Rancho Santiago College Foundation Considers "Unconditional" Open Meeting Law Compliance
Chancellor Raul Rodriguez: Nothing to see here, folks!
Courtesy of Rancho Santiago Community College District
Asked at a March forum about Rancho Santiago Community College District's controversial $105 million consulting contract with two technical schools in Saudi Arabia, Chancellor Raul Rodriguez stated that the public community college's private foundation that struck the deal was not subject to California's open meetings law, commonly referred to as the Brown Act.
So, naturally, the foundation's board is scheduled to meet at noon today in the district trustees' board room to consider "approval and ratification of unconditional commitment as to compliance with the Ralph M. Brown Act," according to the agenda.
The about-face follows a law firm representing the Faculty Association of the Rancho Santiago Community College District sending the foundation a letter requesting that it "correct its noncompliance with the Brown Act," explains Barry Resnick, the RSCCD faculty union president.
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Resnick, some of his association's members and others on campus have questioned the agreement "that effectively excludes any individual or group that does not conform to the 'national values and beliefs in Saudi Arabia,' a country that openly discriminates against women, Jews, and others."
But equally troubling, according to Resnick, is the way the deal was approved. The deal was not reached in public nor by the citizen-elected Rancho Santiago Community College District Board of Trustees, even though Chancellor Rodriguez has said $1 million in taxpayer funds could be jeopardized if the agreement with Saudi Arabia is nixed.
"We have been unable to find evidence of the Board of Trustees' approval of this contract," Resnick writes in an email. "However, the Board of Trustees did approve payment for the agreement on February 3, 2014 through purchase order #14-P0030073. A $5,000 payment was made to Christopher J. Mackie on January 23, 2014."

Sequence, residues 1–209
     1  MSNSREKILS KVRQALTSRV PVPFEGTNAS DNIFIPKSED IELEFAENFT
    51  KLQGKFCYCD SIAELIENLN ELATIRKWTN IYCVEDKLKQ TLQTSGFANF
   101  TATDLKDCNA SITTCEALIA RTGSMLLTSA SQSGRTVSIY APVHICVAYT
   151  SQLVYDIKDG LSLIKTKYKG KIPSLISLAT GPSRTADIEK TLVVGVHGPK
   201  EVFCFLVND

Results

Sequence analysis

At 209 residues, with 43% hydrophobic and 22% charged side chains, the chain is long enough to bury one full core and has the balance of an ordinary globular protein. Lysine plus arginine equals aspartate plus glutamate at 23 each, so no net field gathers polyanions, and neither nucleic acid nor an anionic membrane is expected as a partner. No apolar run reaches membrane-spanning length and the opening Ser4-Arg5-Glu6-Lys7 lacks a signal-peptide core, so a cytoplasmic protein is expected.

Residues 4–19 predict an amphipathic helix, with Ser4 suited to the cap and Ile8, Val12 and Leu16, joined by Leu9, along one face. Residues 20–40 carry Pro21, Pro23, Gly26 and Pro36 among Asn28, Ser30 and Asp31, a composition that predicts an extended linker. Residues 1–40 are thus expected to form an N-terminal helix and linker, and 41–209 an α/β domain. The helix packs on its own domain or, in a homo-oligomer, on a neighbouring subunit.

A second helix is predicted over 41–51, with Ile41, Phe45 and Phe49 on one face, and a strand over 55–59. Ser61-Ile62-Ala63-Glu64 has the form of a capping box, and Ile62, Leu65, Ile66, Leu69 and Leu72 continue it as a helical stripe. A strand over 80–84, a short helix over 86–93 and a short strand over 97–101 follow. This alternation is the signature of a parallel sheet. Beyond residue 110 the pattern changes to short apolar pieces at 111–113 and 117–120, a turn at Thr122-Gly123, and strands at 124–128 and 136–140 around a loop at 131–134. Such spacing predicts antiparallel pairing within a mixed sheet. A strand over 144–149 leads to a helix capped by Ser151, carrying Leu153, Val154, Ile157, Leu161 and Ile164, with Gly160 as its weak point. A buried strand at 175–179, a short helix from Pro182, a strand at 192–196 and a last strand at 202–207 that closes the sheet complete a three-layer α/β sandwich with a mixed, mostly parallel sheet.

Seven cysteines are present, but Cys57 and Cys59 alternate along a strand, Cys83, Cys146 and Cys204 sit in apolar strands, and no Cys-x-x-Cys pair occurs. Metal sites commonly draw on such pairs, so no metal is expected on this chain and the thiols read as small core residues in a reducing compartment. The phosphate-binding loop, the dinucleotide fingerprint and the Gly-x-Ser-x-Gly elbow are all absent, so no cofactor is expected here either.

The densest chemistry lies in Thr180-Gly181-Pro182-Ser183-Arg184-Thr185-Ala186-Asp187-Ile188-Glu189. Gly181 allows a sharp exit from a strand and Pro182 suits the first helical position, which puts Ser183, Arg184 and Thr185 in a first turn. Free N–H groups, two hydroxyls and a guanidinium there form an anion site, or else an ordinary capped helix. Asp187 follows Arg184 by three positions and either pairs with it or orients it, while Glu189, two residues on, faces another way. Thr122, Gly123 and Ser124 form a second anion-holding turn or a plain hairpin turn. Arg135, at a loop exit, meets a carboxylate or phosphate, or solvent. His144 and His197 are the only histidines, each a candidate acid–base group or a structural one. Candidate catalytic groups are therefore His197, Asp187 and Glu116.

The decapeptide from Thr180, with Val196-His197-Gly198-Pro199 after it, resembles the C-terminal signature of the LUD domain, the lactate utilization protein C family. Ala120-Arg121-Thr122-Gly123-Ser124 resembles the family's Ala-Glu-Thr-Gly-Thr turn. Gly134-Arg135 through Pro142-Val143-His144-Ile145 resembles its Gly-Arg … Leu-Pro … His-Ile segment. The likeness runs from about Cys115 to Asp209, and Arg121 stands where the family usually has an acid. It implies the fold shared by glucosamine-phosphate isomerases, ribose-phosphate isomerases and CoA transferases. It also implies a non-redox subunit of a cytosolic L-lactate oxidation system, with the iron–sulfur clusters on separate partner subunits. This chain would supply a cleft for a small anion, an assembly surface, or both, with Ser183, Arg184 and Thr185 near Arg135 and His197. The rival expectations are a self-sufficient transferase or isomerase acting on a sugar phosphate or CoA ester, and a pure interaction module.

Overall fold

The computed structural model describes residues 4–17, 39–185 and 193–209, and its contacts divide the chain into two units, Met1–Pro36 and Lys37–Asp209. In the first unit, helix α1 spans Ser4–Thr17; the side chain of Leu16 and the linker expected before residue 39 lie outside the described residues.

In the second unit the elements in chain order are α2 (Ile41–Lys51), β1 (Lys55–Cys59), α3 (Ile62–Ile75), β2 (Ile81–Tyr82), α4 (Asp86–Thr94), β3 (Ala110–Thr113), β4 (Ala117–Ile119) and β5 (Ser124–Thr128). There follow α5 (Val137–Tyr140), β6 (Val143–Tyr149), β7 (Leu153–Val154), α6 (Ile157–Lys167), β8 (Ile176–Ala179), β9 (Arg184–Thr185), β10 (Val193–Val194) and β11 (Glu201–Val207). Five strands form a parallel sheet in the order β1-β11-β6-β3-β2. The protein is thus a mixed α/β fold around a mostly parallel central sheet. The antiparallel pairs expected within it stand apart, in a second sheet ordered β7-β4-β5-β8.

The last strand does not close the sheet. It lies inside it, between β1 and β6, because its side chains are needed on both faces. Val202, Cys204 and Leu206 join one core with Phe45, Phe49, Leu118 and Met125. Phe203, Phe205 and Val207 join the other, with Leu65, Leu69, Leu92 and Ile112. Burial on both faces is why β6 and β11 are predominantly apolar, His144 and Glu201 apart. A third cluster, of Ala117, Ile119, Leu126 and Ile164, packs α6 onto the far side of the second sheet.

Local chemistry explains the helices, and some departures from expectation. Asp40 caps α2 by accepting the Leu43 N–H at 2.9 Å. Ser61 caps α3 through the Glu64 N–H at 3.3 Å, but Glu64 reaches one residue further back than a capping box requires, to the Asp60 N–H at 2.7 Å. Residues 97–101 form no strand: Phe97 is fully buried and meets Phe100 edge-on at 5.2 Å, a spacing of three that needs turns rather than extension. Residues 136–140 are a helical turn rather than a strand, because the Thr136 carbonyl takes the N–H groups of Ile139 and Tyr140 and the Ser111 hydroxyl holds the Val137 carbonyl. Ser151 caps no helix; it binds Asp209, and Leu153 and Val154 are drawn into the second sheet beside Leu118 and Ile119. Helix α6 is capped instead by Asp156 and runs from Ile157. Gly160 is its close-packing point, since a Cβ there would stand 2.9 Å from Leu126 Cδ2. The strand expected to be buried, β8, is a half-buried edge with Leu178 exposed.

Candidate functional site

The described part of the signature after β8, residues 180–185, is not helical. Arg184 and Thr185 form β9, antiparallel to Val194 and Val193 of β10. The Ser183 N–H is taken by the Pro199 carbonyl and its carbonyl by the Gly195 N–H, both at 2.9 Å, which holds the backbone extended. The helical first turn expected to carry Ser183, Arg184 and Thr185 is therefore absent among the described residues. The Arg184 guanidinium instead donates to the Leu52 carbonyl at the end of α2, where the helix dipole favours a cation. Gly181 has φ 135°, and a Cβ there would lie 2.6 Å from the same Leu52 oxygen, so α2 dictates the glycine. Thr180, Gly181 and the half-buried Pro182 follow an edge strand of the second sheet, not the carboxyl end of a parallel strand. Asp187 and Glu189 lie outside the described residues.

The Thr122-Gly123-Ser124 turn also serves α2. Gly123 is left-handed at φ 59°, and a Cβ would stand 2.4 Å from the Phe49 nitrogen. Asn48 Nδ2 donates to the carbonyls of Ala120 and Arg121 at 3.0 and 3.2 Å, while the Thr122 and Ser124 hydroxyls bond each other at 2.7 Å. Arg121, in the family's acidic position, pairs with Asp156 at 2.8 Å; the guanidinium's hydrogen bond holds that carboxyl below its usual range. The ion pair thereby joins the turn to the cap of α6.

Supporting documents indicate Mackie, director of Scottsdale, Arizona-based The rSmart Group Inc., is something of a consulting liaison between the district and the Saudis. According to the company website:
rSmart OneCampus is a cloud-based platform that simplifies finding and accessing campus services and information such as grades, class schedules, email, and more. With its robust search functionality and intuitive design, users can now spend more time on the task and less time trying to find it.
According to Bloomberg:
Dr. Christopher J. Mackie, Chris, Ph.D. served as a Program Officer for the Program in Research in Information Technology (RIT) at The Andrew W. Mellon Foundation. Mr. Mackie is a technology professional with more than 20 years of leadership, management, philanthropic, and consulting experience in the for-profit and nonprofit sectors, including: education; healthcare; information technology; libraries; museums; the arts; and environmental protection. He has consulted with a wide range of domestic and international nonprofits and NGOs on strategic technology planning, organizational design, leadership development, and institutional advancement. He participated in a series of startup ventures in healthcare and information technology. Mr. Mackie serves as a Director at The rSmart Group, Inc. He holds an A.B in International Studies from the University of North Carolina Chapel Hill, an M.Ed. in higher education policy from the University of Michigan, and an M.P.P. and Ph.D. in International and Public Affairs from Princeton University.
Due to Brown Act violations, the Faculty Association is asking the foundation board to go back and re-consider every decision it has made over the past five years--even for authorizing spending for things that have already been paid for--only to do it this time in an open meeting or meetings.
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